One of the most important lessons from 2017, is that it’s important to monitor the list of stocks that are most shorted. These are companies that hedge funds want to see fail. A classic example last year was Carillion. It was (and still is) the most shorted stock in the UK. The shorters clearly detected something wasn’t right and they were correct in their judgement. The company released back-to-back profit warnings and the stock lost 90% of its value over the year. The shorters cleaned up big time.
Today, I’m looking at another two stocks that are currently being shorted heavily. Don’t say you haven’t been warned.
Premier Oil (LSE: PMO) is an independent exploration and production company with oil and gas interests in the North Sea, South East Asia, Pakistan, the Falkland Islands and Latin America.
The stock, which is popular among UK small-cap investors, has soared from 44p in June to over 90p today. However, before you get too excited, there’s something you should know.
The £520m market cap company is currently the fourth most shorted stock in the UK. According to shorttracker.co.uk, seven funds are currently betting against the stock. 13% of the shares are being shorted. That signals trouble to me. So what’s wrong with the firm?
The most likely reason for the large short interest, is the company’s mammoth debt pile. The oil explorer had net debt of $2.7bn at 31 December, an astronomical figure given its market capitalisation. The company had total equity of just $800m on the balance sheet last year.
A trading update this morning revealed that full-year production for 2017 will be in line with guidance and that output is expected to rise by more than 10% in 2018. The company also noted that the first oil had been achieved from its Catcher field “on schedule and under budget.”
However, with such a large debt pile and considerable short interest, I’d be hesitant to invest in Premier Oil right now.
Another company with a heavy chunk of short interest is Internet of Things specialist Telit Communications (LSE: TCM). I was bullish on Telit at the start of last year, as the growth story looked compelling. However, in hindsight, I should have paid more attention to the shorters. CEO Oozi Cats was accused of fraud, and Telit’s share price got walloped.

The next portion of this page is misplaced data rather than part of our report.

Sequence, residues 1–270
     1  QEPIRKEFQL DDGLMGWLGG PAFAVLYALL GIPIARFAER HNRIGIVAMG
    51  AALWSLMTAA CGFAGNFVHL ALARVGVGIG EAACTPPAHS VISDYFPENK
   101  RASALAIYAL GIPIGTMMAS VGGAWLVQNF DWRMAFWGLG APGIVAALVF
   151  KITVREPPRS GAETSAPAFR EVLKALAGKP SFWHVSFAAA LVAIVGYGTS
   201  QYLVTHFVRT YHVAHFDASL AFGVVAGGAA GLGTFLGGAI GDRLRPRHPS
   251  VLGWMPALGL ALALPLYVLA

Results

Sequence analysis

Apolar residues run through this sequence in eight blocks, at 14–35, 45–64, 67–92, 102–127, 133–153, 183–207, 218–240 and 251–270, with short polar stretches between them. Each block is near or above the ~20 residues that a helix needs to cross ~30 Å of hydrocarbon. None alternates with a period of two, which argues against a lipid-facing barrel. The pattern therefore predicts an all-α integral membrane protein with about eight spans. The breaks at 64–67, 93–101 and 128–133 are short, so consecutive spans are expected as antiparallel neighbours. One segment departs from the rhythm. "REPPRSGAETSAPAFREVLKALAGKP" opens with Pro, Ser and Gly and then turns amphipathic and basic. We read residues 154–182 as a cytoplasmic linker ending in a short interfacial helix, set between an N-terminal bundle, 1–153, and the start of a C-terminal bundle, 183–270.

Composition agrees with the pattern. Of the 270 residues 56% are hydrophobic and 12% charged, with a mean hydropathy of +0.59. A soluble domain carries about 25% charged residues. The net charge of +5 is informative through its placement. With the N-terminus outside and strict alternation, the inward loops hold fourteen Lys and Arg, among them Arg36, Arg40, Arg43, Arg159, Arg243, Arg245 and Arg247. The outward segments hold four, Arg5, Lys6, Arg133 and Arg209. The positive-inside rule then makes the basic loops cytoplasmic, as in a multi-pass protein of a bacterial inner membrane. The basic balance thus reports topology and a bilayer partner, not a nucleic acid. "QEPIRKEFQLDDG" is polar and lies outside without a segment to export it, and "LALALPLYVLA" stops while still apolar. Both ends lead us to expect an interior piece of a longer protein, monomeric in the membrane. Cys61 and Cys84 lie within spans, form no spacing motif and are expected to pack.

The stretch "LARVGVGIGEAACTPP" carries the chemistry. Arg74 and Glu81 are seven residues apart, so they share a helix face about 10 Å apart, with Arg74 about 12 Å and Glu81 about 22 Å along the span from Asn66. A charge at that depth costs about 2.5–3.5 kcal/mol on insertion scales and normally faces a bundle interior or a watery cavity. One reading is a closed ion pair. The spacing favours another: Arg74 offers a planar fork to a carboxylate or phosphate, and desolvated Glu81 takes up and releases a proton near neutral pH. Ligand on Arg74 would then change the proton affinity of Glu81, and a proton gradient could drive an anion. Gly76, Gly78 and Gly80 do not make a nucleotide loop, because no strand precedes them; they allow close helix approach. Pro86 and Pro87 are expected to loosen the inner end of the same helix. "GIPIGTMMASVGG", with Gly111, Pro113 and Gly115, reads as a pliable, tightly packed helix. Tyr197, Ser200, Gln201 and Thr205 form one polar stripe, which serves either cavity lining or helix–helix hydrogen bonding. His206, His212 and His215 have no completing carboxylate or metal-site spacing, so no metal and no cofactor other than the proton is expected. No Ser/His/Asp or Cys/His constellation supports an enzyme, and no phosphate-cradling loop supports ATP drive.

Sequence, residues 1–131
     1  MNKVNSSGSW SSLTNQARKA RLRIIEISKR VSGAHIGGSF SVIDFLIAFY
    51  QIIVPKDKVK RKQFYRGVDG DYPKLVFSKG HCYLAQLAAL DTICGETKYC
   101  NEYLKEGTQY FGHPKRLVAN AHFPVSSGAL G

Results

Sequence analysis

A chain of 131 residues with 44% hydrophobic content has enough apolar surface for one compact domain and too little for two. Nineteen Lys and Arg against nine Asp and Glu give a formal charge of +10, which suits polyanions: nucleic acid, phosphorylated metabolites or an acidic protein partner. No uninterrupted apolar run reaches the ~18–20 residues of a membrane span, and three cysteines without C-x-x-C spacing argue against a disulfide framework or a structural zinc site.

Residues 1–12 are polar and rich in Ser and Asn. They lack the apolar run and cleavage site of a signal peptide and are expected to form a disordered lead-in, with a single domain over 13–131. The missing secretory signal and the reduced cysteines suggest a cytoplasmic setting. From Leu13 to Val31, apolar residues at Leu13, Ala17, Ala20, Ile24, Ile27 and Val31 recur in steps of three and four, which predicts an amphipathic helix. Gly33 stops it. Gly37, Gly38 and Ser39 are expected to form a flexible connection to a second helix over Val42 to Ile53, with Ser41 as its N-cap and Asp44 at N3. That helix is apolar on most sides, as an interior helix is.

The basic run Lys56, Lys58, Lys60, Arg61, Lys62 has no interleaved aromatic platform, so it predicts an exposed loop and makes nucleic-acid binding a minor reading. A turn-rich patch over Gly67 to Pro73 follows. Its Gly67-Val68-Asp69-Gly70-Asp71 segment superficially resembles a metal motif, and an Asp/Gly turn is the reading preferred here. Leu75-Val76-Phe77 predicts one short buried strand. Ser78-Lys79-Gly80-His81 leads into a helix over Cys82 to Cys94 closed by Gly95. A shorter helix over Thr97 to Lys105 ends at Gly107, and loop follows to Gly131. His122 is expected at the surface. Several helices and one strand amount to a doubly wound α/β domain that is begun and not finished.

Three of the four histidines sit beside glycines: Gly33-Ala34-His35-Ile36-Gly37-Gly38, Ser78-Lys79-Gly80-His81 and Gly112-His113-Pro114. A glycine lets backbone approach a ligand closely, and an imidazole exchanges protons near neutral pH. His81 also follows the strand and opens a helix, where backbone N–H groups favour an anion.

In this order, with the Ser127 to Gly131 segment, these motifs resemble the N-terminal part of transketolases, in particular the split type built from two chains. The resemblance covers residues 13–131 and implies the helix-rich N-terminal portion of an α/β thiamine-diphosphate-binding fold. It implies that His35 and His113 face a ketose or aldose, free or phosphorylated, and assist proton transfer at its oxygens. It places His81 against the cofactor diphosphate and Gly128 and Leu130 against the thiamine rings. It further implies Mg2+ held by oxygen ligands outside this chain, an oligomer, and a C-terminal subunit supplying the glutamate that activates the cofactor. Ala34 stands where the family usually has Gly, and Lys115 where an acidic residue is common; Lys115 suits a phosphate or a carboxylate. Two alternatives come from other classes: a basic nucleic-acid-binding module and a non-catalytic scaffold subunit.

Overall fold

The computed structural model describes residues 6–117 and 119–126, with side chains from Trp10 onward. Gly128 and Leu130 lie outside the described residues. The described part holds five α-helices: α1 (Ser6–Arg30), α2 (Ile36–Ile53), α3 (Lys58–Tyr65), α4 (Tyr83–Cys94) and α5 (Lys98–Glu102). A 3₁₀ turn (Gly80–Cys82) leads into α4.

The stock has bounced almost 50% from its August lows, yet at the same time, it has climbed up the list of the most shorted stocks. It’s now the fifth most shorted stock in the UK, with 11.6% of its shares being shorted.
The high level of short interest in understandable. For starters, the group released a profit warning in September, stating that it expects adjusted EBITDA for the year to be “materially below previous guidance.”
There’s also a lack of corporate governance here. For example, interim CEO Yosi Fait sold £1.5m worth of shares in June, two days before the company failed to meet one of its banking covenants. This was only revealed in August.
Lastly, it was revealed in November that the FCA was making preliminary enquiries into the company’s disclosures.
All in all, Telit is a stock to steer clear well clear of, in my view.
Markets around the world are reeling from the coronavirus pandemic…
And with so many great companies trading at what look to be ‘discount-bin’ prices, now could be the time for savvy investors to snap up some potential bargains.
But whether you’re a newbie investor or a seasoned pro, deciding which stocks to add to your shopping list can be daunting prospect during such unprecedented times.
Fortunately, The Motley Fool is here to help: our UK Chief Investment Officer and his analyst team have short-listed five companies that they believe STILL boast significant long-term growth prospects despite the global lock-down…
You see, here at The Motley Fool we don’t believe “over-trading” is the right path to financial freedom in retirement; instead, we advocate buying and holding (for AT LEAST three to five years) 15 or more quality companies, with shareholder-focused management teams at the helm.
That’s why we’re sharing the names of all five of these companies in a special investing report that you can download today for FREE. If you’re 50 or over, we believe these stocks could be a great fit for any well-diversified portfolio, and that you can consider building a position in all five right away.
Edward Sheldon has no position in any shares mentioned. The Motley Fool UK has no position in any of the shares mentioned. Views expressed on the companies mentioned in this article are those of the writer and therefore may differ from the official recommendations we make in our subscription services such as Share Advisor, Hidden Winners and Pro. Here at The Motley Fool we believe that considering a diverse range of insights makes us better investors.